Working hours and mental health in Australia: evidence from an Australian population-based cohort, 2001-2012

Allison Milner, Peter Matthew Smith, Anthony Daniel LaMontagne

Research output: Contribution to journalArticleResearchpeer-review

29 Citations (Scopus)

Abstract

Objectives: This paper assesses the impact of working less than or more than standard full-time hours on mental health, as well as possible differences in this relationship by gender and skill level. Methods: The study design was a longitudinal cohort with 12 annual waves of data collection over the period 2001-2012, yielding a sample of 90 637 observations from 18 420 people. Fixed effects within-person regression was used to control for time invariant confounding. The Mental Component Summary of the Short Form 36 (SF-36) measure was used as the primary outcome measure. Working hours over the preceding year was measured in five categories with standard full-time hours (35-40 h/week) as the reference. Results: Results indicated that when respondents were working 49-59 h (-0.52, 95 CI -0.74 to -0.29, p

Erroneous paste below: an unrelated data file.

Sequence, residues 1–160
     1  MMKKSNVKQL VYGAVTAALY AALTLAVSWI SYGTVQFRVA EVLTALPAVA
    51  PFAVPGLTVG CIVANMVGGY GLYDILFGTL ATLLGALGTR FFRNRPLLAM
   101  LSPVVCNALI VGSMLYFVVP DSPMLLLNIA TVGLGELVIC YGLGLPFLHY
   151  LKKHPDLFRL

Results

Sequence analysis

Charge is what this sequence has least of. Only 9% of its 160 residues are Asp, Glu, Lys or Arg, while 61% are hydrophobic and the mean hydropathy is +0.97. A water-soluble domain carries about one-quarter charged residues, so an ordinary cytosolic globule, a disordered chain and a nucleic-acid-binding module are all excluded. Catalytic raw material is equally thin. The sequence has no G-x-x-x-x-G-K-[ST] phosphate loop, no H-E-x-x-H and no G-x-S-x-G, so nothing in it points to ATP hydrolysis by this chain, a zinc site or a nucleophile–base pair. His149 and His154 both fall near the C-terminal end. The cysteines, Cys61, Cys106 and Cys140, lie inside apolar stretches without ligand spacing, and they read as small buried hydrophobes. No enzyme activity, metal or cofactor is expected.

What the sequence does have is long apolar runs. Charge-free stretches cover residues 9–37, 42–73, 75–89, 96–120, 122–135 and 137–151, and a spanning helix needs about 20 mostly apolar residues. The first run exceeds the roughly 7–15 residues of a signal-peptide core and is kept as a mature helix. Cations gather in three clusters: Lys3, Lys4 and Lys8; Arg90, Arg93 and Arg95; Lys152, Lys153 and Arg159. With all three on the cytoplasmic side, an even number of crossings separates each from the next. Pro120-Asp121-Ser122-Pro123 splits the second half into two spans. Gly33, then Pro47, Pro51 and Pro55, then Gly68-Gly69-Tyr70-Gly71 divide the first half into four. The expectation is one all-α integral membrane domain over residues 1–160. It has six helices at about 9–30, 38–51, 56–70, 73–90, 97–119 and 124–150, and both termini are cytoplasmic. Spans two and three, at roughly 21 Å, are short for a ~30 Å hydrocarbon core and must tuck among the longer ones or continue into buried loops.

Original languageEnglish
Pages (from-to)573 - 579
Number of pages7
JournalOccupational and Environmental Medicine
Volume72
Issue number8
DOIs
Publication statusPublished - 2015

Cite this